Littleton Dog Bite Attorneys
What Are Colorado’s Dog Bite Laws?
Colorado follows a strict liability standard for dog bite injuries. This means that the owner can be held liable for injuries, even if the dog owner was not aware that their dog would attack someone. Under this standard, the person injured by the dog does not have to prove negligence in dog bite injury cases.
When are Dog Owners Responsible?
According to the law, the animal’s owner may be held responsible if the dog:
- Bites someone on public property
- Bites a person, causing death
- Bites someone lawfully on the owner’s private property
- Causes serious bodily injury
When are Dog Owners not Responsible?
There are a few situations in which the owner would not be held responsible for injuries. This includes a dog attack that occurs when:
- The victim is trespassing
- The dog owner’s property is clearly marked with warning signs
- The dog was knowingly provoked
- The victim was working with the dog as a trainer, groomer, or veterinarian
In addition, the owner may not be held liable if the dog is working at the time of the bite, such as with a police officer or member of the military for official purposes or when hunting or herding on the dog owner’s property.
At Curtis | Walton Law, our Littleton dog bite lawyers represent clients who sustained injuries from an aggressive dog. We also are willing to travel to you. If you live in Englewood, Denver, Littleton, or elsewhere in Colorado, don't hesitate to contact us.
How To Secure Compensation for Your Injuries
In order to obtain compensation, you must show liability and that you were seriously injured by the attack. In addition, our Littleton dog bite attorneys will help you determine whether the dog owner is insured.
In most situations, dog bite injuries are covered under the owner’s insurance policy, such as:
- A homeowner’s policy
- Renter’s insurance
- The property owner or landlord’s insurance company
The compensation in dog bite injuries depends on the extent of the injury, the medical treatment that was needed, and whether you missed time from work as a result of the injury.
We can evaluate your case and advise you about the compensation that may be possible in your situation, such as:
- Compensation for medical treatment
- Lost time at work
- Other damages
In addition to economic damages, you may be able to recover non-economic damages, such as:
- The pain caused by the injury and treatment
- Pain and suffering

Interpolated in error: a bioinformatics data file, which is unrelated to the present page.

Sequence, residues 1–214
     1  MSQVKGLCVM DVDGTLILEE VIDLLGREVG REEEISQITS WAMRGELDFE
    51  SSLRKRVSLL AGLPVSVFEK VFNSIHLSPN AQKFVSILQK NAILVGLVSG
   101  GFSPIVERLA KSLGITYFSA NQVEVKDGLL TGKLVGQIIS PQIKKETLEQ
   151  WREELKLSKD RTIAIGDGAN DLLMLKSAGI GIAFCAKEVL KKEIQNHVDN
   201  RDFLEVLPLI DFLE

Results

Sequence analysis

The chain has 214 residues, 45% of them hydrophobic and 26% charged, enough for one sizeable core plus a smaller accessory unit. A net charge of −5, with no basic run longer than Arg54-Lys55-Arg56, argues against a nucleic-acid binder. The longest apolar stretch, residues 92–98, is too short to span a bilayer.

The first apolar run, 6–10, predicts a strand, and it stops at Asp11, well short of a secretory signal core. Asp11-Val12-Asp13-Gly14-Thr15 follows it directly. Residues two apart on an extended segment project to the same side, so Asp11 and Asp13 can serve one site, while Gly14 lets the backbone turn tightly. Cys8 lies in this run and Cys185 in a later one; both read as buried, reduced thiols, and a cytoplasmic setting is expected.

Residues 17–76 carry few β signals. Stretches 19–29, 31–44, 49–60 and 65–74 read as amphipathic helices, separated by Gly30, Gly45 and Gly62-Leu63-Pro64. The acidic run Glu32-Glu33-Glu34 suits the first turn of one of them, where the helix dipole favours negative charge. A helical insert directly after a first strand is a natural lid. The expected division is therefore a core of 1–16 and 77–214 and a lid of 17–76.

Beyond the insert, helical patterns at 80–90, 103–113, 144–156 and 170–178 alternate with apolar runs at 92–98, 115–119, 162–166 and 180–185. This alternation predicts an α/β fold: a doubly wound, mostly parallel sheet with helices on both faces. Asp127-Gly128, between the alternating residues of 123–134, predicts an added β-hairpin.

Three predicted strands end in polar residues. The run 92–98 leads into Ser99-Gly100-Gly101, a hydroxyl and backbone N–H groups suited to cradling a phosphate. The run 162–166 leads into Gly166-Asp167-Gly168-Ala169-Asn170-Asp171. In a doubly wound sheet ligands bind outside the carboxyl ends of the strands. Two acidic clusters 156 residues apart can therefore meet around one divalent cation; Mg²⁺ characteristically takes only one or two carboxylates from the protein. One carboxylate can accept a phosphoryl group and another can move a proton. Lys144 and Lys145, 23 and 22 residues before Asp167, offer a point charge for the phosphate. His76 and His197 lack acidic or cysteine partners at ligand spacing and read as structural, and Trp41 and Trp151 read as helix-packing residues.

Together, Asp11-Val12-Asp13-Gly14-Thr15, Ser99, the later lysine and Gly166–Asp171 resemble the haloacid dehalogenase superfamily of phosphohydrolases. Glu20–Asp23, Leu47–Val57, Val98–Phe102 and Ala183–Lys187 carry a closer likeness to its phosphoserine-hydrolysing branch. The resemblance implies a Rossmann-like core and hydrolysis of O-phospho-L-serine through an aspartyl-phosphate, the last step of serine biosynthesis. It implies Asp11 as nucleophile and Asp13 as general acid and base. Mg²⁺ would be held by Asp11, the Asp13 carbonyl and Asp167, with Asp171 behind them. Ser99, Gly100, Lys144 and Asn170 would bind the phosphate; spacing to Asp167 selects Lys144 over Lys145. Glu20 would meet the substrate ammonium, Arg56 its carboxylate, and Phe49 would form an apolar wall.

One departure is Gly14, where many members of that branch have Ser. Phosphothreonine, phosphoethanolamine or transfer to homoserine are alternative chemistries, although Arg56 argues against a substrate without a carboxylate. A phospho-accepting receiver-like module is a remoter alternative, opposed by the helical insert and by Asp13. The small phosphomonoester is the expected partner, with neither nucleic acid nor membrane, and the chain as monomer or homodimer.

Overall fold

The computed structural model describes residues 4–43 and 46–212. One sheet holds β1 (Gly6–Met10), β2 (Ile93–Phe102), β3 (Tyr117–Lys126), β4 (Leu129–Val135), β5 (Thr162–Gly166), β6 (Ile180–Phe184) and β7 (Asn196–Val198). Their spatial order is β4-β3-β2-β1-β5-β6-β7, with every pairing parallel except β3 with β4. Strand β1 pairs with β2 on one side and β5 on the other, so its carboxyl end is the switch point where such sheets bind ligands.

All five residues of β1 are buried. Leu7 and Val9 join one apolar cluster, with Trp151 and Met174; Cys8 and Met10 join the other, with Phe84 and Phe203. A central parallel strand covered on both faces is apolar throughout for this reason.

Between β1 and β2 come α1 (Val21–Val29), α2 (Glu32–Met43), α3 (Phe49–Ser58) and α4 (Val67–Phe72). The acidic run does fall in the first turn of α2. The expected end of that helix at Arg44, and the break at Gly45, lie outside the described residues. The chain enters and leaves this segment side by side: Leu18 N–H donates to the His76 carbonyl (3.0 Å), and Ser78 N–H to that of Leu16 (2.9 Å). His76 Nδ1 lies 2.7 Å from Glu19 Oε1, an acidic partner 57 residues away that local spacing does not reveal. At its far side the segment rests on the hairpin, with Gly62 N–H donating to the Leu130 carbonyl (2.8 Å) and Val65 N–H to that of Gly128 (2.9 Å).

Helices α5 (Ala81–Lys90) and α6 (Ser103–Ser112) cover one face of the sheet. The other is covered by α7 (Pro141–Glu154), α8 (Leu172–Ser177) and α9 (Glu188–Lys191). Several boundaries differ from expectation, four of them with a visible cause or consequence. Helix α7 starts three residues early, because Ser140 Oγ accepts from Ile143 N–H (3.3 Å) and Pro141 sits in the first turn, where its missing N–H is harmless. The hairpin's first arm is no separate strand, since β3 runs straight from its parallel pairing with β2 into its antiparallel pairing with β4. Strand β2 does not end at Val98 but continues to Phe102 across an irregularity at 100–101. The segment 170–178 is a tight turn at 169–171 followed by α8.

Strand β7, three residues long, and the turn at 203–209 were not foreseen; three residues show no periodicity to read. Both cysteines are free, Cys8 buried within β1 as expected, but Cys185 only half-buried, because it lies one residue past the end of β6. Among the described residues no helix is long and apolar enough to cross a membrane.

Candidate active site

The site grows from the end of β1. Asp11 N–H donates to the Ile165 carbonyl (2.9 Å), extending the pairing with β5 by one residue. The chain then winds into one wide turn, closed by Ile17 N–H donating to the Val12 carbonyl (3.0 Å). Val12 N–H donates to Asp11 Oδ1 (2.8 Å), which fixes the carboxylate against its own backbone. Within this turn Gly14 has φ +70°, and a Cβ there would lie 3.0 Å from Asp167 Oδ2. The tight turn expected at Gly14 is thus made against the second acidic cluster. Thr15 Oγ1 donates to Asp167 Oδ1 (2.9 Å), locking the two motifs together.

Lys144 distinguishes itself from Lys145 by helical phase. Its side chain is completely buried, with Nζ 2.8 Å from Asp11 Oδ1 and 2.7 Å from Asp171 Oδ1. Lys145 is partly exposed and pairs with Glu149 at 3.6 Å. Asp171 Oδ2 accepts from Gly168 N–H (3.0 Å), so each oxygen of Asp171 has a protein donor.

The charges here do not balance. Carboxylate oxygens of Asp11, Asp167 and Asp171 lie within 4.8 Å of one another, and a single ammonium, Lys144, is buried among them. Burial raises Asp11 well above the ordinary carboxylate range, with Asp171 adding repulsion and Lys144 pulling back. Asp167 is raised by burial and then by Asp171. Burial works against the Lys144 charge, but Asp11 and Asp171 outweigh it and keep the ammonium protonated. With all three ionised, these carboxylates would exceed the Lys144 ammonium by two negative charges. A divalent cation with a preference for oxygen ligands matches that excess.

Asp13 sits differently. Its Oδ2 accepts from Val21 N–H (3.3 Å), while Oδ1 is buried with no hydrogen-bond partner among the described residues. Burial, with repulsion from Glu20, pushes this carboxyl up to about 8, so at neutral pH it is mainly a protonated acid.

- Mental suffering when in the presence of other dogs
- Loss of quality of life
Because you will be seeking damages from the dog owner’s insurance company, you should be aware of how they work. Their primary goal is to get you to accept less than the full value of your claim, and they will immediately begin to investigate you to attempt to under value your claim. Our attorneys are well-versed in the tactics used by insurance companies and ready to fight on your behalf.
What Is the Statute of Limitations for Dog Bites in Colorado?
Colorado has a two-year statute of limitations for dog bite claims. If you don’t file within two years, you may lose the opportunity to recover damages for your injury. We recommend contacting us as soon as possible, so we can help with the insurance company and ensure that your claim is filed well before the end of that two-year period.
Holding Irresponsible Dog Owners Accountable for Your Injuries
One of the questions you may have is just how serious does the bite need to be in order to file a lawsuit against the dog owner? What if the dog bit you but didn't draw blood? According to Colorado dog bite statutes, you may still pursue a negligence claim, even if your injuries are not considered "severe." On the other hand, a serious injury resulting from a dog bite or attack can include anything from puncture wounds and broken bones to permanent disfigurement or even a dog bite fatality.
Pet owners have a responsibility to properly socialize and restrain their pets to ensure the safety of others. When a dog attacks, the victim may file a personal injury lawsuit against the owners for the damages caused by the animal.